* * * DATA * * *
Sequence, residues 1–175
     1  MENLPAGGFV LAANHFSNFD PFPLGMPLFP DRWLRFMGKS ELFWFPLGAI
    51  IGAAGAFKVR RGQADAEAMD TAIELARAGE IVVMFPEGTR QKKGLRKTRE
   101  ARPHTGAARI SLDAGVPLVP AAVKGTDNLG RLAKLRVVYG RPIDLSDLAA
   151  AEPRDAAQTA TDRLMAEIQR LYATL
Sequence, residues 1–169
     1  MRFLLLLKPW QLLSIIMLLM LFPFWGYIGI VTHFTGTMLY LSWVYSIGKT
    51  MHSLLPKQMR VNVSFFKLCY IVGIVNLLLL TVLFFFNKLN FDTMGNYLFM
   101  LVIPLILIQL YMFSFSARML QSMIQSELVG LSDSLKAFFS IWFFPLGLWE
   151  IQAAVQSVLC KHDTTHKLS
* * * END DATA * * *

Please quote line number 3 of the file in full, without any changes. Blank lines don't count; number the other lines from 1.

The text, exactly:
    51  IGAAGAFKVR RGQADAEAMD TAIELARAGE IVVMFPEGTR QKKGLRKTRE